Johnson & Johnson, the New Jersey-based pharmaceutical giant, will separate into two publicly traded companies, creating an entirely new, rebranded consumer health business, the company announced Friday.
It’s a major change for the 135-year-old institution based in New Brunswick.
Johnson & Johnson, which has more than 136,000 employees, will split its consumer products arm — responsible for Band-Aids, Tylenol, Listerine and Neutrogena — from its pharmaceutical and medical device branches within 18 to 24 months, the company said. The decision was first reported by The Wall Street Journal.
“Following a comprehensive review, the Board and management team believe that the planned separation of the Consumer Health business is the best way to accelerate our efforts to serve patients, consumers, and healthcare professionals, create opportunities for our talented global team, drive profitable growth, and — most importantly — improve healthcare outcomes for people around the world,” Alex Gorsky, the company’s chief executive, said in a statement.
The company’s pharmaceutical and medical device divisions will operate under the Johnson & Johnson brand. It’s unclear what the new consumer health company will be named.
“For the new Johnson & Johnson, this planned separation underscores our focus on delivering industry-leading biopharmaceutical and medical device innovation and technology with the goal of bringing new solutions to market for patients and healthcare systems, while creating sustainable value for shareholders,” Gorsky said in the statement.
The company previously announced that Joaquin Duato, the vice chairman of its executive committee, will become Johnson & Johnson’s CEO in early January, while Gorsky will remain executive chairman.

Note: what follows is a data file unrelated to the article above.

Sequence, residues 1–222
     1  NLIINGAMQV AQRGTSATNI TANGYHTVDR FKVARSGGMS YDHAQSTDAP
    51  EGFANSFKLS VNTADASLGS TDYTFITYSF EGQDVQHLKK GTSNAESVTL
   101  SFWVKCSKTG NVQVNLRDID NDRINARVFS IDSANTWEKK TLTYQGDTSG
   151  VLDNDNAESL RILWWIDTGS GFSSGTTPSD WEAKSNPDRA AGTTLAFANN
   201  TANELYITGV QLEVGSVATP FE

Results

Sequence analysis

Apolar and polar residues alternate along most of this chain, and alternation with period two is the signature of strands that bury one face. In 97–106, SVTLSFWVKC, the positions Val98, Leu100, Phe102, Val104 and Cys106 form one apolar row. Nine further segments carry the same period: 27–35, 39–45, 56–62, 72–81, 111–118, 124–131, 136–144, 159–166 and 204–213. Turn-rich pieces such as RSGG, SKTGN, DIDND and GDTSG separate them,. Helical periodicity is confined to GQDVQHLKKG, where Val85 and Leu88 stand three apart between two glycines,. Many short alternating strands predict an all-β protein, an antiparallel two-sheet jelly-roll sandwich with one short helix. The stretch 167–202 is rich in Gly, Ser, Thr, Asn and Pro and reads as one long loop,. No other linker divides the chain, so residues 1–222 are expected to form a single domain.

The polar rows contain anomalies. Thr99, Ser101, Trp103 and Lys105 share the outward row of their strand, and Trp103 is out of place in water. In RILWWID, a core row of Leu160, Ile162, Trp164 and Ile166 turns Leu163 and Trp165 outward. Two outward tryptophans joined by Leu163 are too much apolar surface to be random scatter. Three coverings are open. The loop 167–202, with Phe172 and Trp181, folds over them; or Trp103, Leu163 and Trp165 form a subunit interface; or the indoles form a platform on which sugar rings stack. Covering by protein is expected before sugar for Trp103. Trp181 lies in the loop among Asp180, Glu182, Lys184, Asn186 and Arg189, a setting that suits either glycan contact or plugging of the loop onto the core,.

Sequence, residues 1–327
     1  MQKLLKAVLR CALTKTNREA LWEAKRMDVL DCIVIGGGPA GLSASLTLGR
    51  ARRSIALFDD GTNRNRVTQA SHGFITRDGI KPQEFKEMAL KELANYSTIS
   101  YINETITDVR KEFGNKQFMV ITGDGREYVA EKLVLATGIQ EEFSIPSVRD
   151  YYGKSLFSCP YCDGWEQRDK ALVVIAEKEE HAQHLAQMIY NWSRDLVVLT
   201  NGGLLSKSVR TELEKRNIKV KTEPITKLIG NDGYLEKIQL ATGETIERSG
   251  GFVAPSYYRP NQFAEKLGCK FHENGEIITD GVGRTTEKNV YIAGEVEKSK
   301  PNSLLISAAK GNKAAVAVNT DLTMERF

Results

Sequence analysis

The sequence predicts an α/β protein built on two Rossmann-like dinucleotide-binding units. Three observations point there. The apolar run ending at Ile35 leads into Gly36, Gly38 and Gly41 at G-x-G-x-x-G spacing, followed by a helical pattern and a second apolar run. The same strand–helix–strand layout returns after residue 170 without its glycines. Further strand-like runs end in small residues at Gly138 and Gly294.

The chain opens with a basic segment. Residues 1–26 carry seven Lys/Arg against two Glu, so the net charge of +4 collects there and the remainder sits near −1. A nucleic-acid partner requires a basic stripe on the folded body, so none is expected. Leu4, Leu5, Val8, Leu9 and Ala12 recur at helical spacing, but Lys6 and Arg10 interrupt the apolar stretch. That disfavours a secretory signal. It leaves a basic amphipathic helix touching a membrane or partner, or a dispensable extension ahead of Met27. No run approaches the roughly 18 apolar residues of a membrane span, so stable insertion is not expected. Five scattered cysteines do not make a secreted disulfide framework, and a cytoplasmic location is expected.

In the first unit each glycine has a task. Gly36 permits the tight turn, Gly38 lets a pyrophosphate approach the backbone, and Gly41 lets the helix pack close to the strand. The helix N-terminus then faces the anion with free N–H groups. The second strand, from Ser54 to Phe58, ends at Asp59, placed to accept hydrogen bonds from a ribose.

Gorsky told The Wall Street Journal that all the lawsuits alleging the company’s talc-based Baby Powder product caused cancer was not a factor in the decision.
NJ Advance Media reported earlier this month that Johnson & Johnson created a spin-off company in Texas in mid-October and dumped its talc-related liabilities into the newly created LTL Management. It then re-established the spin-off in North Carolina and filed for bankruptcy protection. The strategy has been used often enough by solvent companies faced with personal injury lawsuits that it actually has a name — the “Texas two-step.” The move angered plaintiffs who saw it as an attempt by the company to skirt responsibility for any damage its product may have caused.
A North Carolina judge moved the bankruptcy case to New Jersey on Wednesday, saying it is the most logical venue since it is where most lawsuits involving Johnson & Johnson’s talc products were filed.
The New York Times noted that J&J’s decision to split into two companies is a move increasingly used by huge corporations to satisfy shareholders.
Staff writer Elizabeth Llorente contributed to this report.
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Spencer Kent may be reached at firstname.lastname@example.org.